Icon Magazine, Instagram, Pinterest , More: Thursday Evening ResearchBuzz, October 10, 2019


PPA: Icon Magazine Completes 16-Year Digital Archive. “The newly-completed 16-year digital archive consists of 197 issues to date and will continue growing as each new issue is published. Published by Media 10, Icon is an international architecture and design magazine, featuring interviews with industry professionals as well as the best new buildings and designs. Analysing interesting cultural movements and technologies and reviewing a range of exhibitions, books, films and events, the monthly magazine gets under the skin of design culture.” Not free.


Hypebeast: Instagram Launches “On This Day” Function to Bring Back Your Favorite Memories. “If you’re a fan of Throwback Thursdays, you’ll love what Instagram has just implemented. Much like its Facebook counterpart, the mobile social platform will now suggest old memories from your feed through a new function called ‘On This Day,’ which comes as part of the new Create mode Instagram is pushing out.”

TechCrunch: Pinterest launches a new ‘Lite’ app for emerging markets. “Pinterest is the latest tech company to introduce a ‘Lite’ version of its mobile application to meet the needs of users in emerging markets. With Pinterest Lite, launched on Monday, users will benefit from a faster download and an app that takes up less storage space on their mobile device, the company says.”


Simon Willison: Tracking PG&E outages by scraping to a git repo. “PG&E have cut off power to several million people in northern California, supposedly as a precaution against wildfires. As it happens, I’ve been scraping and recording PG&E’s outage data every 10 minutes for the past 4+ months. This data got really interesting over the past two days! The original data lives in a GitHub repo (more importantly in the commit history of that repo).”


New York Times: The Radical Guidebook Embraced by Google Workers and Uber Drivers. “Just before 20,000 Google employees left their desks last fall to protest the company’s handling of sexual harassment, a debate broke out among the hundreds of workers involved in formulating a list of demands. Some workers argued that they could win fairer pay policies and a full accounting of harassment claims by filing lawsuits or seeking to unionize.”

CNET: Apple pulls app used in Hong Kong protests. “Apple has removed, a mapping app that crowdsources the location of police and protesters in Hong Kong, from the App Store, saying it violated the store’s guidelines and local laws. The move comes after the iPhone maker was sharply criticized by the Chinese state newspaper and accused of facilitating illegal behavior by allowing the app.”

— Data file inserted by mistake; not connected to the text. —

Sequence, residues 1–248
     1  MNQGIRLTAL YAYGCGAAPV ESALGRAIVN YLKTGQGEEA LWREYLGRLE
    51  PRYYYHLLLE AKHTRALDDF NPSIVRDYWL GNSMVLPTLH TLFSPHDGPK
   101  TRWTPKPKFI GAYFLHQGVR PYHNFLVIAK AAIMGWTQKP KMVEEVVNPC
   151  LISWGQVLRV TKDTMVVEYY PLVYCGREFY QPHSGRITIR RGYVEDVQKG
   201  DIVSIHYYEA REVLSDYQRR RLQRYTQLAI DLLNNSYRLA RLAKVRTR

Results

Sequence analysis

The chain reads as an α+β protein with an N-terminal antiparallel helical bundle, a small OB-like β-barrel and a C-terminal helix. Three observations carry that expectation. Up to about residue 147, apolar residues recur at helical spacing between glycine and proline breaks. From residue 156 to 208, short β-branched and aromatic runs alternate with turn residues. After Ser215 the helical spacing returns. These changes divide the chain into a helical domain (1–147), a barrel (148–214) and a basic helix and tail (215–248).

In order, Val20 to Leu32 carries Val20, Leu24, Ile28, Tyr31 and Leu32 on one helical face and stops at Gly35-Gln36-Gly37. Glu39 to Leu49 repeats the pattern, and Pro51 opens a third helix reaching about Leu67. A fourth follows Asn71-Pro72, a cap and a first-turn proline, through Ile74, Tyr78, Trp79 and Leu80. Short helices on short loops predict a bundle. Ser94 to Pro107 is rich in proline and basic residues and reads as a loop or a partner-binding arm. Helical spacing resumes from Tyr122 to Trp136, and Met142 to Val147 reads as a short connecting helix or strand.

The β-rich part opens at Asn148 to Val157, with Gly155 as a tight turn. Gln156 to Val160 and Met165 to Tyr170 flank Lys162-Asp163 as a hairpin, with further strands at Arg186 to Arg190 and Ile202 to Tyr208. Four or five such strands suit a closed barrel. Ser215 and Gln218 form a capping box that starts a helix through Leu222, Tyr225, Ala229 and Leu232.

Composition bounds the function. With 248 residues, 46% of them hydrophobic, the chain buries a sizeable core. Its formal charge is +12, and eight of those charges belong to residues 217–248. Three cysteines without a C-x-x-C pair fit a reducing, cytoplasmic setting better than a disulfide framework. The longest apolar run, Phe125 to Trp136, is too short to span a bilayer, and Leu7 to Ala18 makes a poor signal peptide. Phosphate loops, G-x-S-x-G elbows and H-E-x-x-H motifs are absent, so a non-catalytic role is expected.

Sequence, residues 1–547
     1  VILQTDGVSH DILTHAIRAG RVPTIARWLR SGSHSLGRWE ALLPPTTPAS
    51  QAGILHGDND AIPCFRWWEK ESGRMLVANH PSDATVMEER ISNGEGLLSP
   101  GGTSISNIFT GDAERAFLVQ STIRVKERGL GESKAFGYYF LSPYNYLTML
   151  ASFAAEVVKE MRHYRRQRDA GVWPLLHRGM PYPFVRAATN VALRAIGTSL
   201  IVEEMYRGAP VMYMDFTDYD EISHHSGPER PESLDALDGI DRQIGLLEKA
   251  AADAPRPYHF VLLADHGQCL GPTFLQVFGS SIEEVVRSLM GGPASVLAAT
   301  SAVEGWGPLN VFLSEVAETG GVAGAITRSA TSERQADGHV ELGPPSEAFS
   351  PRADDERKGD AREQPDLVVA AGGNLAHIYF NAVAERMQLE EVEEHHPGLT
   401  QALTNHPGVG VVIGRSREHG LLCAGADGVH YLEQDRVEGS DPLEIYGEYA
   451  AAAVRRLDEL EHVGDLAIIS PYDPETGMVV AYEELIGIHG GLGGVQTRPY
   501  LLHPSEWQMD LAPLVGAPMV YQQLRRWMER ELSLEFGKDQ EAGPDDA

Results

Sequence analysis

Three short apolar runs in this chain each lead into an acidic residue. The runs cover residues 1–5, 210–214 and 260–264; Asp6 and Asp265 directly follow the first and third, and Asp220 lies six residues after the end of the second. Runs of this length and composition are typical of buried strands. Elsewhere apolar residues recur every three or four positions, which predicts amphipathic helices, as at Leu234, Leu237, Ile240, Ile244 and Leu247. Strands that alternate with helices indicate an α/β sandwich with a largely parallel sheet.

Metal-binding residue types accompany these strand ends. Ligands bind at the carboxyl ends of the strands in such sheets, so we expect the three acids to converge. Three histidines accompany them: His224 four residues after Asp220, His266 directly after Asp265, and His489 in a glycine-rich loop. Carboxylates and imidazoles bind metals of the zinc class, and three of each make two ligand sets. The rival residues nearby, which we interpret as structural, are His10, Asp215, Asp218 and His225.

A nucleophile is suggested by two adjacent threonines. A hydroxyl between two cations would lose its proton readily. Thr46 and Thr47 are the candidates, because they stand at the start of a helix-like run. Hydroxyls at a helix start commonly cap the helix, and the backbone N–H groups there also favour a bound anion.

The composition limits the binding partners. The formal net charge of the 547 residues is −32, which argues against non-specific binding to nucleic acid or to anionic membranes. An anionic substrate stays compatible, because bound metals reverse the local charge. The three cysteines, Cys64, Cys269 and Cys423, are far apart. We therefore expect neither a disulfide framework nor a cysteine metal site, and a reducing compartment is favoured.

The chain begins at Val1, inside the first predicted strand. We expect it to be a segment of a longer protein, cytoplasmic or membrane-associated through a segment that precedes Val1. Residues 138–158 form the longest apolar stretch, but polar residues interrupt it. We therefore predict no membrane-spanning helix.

Reuters: Google begins responding to Texas antitrust investigators’ data demands. “Texas officials managing a sprawling investigation of the advertising practices at Alphabet Inc’s (GOOGL.O) Google have begun receiving data from the search and advertising giant after two previous probes bogged down in extended document fights.”


Los Angeles Times: Column: Facebook’s bogus video claims just cost it $40 million, but they caused much more damage. “Facebook doesn’t deserve all the blame for the carnage. The truth is that there was never a great deal of evidence to suggest that online users liked video much, especially when their goal was to obtain information. The impression that video was the coming thing was fueled by occasional clips that went viral. But these often were undernourishing curiosities, such as BuzzFeed’s famous 2016 exploding watermelon stunt (currently notched at 11 million views on Facebook).”

Phys .org: New tool visualizes nature’s benefits worldwide. “Nature supports people in critical ways, often at a highly local level. Wild bees buzz through farms, pollinating vegetables as they go. Nearby, wetlands might remove chemicals from the farm’s runoff, protecting a community drinking water source. In communities all around the world, nature’s contributions are constantly flowing to people. Scientists have mapped these contributions at local levels for years, but a new Stanford-led study puts these local analyses on an interactive global map that emphasizes nature’s declining ability to protect people from water pollution, coastal storms and under-pollinated crops.” Good evening, Internet…

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